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Notes and Editorial Reviews
With three symphonies and the First Piano Concerto behind him Tchaikovsky was on the brink of the Fourth and Manfred. The present set of incidental music – a series of vignettes which perhaps formed a schematic for Sibelius’s Tempest and Glazunov’s King of the Jews – was written for the play by Alexandr Ostrovsky (1823-1886). This was the same Ostrovsky whose writings were the inspiration for Tchaikovsky’s tone poem The Storm and his opera The Voyevoda. Rimsky-Korsakov’s opera Snegurotchka is based on the same play as Tchaikovsky’s incidental music.
The competition is not numerous. There’s a full price Chandos item from Neeme Jarvi on CHAN 9324. Add to this the pioneering complete version by Gauk tucked away as CD 8 in a
Brilliant Classics box. At the price there is nothing comparable available. But this is not a case of faute de mieux. This is an exuberantly vivid performance and recording which in Chistiakov’s hands makes the most of the variegated delights offered by 20 miniature pen-portraits, songs and atmosphere pieces. It seems that the bill for the premiere production of the play complete with orchestral contribution came to 15000 roubles, ran to only nine evenings and then disappeared. The note reminds us that Tchaikovsky recycled some of the music for his score for Hamlet in 1891 but his ambition was to fashion an opera from this material. Tchaikovsky persisted with operas as a form throughout his career but only struck gold with Onegin. The opera never transpired. That said, we should not disdain this vernally enchanting score with its orchestral essays, its choral-solo dialogues as in the chant-based Carnival Procession and its supernatural aspects. The music is often carefree as in the effervescent and soulful Melodrama and wistfully piping Interlude. The exuberant second song for Lehl (tr.8) rushes but its tongue-twisting does not cause Erassova any trouble. Quite a few of the tracks have a greater impress of Russian nationalism than we might expect given Tchaikovsky’s rejection of the style in favour of a more hyper-personal dramatic approach. Some of the tracks are balletic; others bring out pathos in a way typical of this composer. The occasional concession to bombast can be forgiven in the face of so much charm. It would perhaps have made progress in the concert hall had Tchaikovsky made a 25 minute suite from these episodes. The liner-notes are by Malcolm Macdonald.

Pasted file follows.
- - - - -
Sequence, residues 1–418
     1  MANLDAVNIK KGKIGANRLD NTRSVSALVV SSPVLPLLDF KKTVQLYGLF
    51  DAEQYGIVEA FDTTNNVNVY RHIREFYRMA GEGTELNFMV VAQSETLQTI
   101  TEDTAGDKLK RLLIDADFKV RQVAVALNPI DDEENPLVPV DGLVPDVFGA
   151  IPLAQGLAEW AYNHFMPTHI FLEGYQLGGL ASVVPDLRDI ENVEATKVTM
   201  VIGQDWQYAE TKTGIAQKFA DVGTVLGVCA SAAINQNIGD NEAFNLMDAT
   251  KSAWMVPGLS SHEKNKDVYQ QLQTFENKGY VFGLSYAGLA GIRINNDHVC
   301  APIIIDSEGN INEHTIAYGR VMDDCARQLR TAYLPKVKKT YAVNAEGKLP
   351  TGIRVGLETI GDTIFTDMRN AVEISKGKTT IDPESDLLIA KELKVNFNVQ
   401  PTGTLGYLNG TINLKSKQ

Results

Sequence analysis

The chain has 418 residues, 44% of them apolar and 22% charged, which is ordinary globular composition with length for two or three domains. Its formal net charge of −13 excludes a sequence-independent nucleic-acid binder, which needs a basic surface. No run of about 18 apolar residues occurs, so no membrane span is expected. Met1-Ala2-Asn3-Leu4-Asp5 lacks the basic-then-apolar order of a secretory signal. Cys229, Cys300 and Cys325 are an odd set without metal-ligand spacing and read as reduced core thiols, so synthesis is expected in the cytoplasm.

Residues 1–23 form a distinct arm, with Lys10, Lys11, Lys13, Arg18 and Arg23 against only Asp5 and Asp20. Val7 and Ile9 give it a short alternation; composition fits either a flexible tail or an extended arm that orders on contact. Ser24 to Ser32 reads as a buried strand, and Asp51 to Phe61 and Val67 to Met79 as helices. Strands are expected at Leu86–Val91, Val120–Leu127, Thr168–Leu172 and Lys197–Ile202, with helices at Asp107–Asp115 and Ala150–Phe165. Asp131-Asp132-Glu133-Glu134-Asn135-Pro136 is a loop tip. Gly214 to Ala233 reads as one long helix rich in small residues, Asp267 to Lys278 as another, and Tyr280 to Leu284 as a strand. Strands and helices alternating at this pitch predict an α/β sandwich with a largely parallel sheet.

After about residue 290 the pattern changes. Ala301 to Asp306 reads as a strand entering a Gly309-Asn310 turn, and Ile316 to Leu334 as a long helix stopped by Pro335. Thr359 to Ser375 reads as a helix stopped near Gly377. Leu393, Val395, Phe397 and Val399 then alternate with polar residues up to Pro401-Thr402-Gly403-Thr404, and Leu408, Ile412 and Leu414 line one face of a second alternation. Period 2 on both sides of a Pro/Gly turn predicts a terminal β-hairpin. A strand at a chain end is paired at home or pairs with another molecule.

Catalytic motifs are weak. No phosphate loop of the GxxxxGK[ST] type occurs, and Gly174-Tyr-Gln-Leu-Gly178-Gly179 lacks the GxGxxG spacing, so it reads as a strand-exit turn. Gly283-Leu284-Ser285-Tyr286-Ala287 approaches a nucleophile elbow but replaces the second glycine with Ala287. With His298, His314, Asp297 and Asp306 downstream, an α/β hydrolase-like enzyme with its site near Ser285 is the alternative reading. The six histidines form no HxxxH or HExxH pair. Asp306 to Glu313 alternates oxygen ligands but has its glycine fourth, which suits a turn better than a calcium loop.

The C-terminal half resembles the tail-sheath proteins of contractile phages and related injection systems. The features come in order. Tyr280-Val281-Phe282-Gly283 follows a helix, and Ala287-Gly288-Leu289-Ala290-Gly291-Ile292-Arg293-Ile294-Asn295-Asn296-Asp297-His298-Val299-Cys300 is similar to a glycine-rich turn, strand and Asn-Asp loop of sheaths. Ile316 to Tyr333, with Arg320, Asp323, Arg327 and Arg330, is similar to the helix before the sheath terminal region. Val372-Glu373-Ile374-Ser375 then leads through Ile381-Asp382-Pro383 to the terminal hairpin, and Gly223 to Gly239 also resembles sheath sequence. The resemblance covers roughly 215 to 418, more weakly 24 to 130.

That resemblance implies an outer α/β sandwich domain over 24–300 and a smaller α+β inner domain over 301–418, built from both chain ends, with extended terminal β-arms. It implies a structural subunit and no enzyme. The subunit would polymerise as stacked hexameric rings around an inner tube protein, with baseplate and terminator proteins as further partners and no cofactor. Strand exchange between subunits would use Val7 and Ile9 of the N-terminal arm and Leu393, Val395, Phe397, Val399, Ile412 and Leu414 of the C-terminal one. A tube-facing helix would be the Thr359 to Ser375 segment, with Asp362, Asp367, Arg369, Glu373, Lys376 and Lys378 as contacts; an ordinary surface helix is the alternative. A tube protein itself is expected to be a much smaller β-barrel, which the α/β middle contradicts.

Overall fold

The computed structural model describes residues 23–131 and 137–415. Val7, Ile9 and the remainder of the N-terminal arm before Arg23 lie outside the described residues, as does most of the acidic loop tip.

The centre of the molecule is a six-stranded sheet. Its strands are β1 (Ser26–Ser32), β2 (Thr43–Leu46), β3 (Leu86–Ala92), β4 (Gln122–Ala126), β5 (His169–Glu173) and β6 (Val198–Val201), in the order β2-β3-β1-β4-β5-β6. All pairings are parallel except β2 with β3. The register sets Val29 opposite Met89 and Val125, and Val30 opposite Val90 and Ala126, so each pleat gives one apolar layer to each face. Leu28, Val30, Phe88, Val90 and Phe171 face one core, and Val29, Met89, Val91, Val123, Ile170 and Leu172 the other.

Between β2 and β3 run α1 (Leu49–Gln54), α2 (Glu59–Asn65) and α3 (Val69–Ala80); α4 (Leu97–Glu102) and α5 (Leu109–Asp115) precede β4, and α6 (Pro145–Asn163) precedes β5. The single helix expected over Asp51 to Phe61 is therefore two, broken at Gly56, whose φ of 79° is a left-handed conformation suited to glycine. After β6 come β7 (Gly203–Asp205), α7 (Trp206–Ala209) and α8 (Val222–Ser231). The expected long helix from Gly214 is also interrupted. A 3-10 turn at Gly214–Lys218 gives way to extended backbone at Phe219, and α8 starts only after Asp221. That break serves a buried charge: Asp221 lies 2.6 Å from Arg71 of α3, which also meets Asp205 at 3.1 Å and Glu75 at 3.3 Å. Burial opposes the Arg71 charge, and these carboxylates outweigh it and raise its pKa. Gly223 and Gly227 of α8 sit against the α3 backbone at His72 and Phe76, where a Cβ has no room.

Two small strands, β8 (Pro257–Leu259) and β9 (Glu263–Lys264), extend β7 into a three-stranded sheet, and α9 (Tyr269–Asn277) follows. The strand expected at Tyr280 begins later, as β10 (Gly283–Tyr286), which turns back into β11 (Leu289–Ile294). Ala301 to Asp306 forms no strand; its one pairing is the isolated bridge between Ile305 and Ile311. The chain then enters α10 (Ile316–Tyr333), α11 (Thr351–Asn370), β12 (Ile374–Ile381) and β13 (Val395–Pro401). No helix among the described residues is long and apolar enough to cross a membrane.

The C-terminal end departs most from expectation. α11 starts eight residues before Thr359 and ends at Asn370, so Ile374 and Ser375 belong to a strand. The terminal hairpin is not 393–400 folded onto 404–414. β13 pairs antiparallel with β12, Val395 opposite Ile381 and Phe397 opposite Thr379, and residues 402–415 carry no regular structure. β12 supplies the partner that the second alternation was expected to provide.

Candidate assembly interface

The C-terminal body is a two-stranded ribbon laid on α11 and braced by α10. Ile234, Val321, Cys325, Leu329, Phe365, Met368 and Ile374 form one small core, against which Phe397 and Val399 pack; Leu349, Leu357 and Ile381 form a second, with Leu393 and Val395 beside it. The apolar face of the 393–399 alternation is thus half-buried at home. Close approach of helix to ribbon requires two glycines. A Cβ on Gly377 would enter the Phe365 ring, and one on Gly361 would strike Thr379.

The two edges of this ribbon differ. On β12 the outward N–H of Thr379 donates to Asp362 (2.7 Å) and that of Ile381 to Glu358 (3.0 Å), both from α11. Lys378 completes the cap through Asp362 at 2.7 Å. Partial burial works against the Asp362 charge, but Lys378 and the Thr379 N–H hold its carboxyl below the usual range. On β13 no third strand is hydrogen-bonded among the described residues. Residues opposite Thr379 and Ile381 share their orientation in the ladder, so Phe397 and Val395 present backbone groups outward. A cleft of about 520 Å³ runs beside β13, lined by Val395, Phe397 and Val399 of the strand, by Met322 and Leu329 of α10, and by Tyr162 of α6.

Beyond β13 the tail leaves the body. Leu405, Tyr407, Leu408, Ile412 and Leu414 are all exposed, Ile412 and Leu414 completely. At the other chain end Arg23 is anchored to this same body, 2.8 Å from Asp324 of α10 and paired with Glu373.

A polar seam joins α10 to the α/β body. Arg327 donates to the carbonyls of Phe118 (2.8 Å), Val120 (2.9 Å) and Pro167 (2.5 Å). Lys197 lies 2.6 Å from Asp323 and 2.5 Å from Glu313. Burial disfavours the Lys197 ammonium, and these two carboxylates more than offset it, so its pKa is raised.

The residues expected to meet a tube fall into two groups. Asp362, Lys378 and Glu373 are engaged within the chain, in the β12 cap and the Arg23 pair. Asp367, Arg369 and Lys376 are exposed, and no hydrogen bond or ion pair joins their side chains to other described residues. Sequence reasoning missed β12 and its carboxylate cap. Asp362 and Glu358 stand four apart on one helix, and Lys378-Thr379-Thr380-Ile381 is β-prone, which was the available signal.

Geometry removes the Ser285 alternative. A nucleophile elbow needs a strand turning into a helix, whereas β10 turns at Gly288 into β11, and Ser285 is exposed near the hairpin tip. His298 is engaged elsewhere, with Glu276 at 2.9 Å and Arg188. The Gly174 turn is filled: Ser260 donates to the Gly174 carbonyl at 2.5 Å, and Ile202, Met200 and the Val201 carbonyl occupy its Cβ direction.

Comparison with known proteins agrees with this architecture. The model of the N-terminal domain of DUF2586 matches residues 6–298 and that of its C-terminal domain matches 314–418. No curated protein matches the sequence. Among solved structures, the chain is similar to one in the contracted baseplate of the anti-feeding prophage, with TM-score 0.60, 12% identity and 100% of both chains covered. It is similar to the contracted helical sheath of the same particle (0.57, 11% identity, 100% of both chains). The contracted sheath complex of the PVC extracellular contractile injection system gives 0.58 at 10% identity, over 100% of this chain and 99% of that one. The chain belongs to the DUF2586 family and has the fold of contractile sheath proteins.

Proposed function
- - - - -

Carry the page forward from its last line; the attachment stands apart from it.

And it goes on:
-- Rob Barnett, MusicWeb International
Works on This Recording
Snow Maiden, Op. 12 by Peter Ilyich Tchaikovsky
Nikolai Vassiliev (Baritone),
Alexander Arkhipov (Tenor),
Natalia Erasova (Soprano)
Russian State Symphony Orchestra,
Russian State Choir
Written: 1873; Russia
Average Customer Review: ( 2 Customer Reviews )
Dueling reviews? March 28, 2013
By James Carleton (Port Hueneme, CA) See All My Reviews
"Isn't it wonderful when two true aficionados can have such widely differing opinions about a poorly-known work? I will be frank; John W. is right (to a degree) about the singing on this CD. Even the soprano is 'heavy', but then, she's Russian and she's a mezzo, so what should we expect? To say that she (and her two male colleagues) sings without expression, however, is... indelicate of him. I took three years of Russian in college, so maybe I just have a better feel for it than John W. did. To say that the 'music is not very appealing' is quite harsh. This is very appealing material, and it resonates with many tinges of the ballets to come. Perhaps the problem is that the material does not flow together as a symphony would, or even a ballet. Unfortunately, that is the nature of 'incidental music', and Tchaikovsky has done a fair job of making the basic story line 'show' in his music. Grieg did no better with Peer Gynt; where he succeeded was in making so many of the little pieces self-standing. With the exception of 'The Dance of the Tumblers', and maybe one or two other bits, there is no argument that most of these pieces would not work as concert encores, or on a CD of 'Favorite whatevers'. To paraphrase John W, this recording is of a rare piece, but one that deserves to be heard more often. Perhaps some enterprising young conductor will extract a suite of four or five numbers and present it in a concert alongside, oh, the Grieg or Dvorak piano concerto and maybe the suite from 'Appalachian Spring', or a Mozart Symphony. It's more than good enough for some public performances."
Found Wanting. September 3, 2012
By DR J W. (WOORI YALLOCK, VIC) See All My Reviews
"This is not the Tchaikovsky of his ballets, concertos or symphonies- but something different. The music is not very appealing, but the major problem in this CD is the singing. The voices are deep, harsh, and for long periods completely without expression.
This recording is of a rare piece. and deserves to remain so."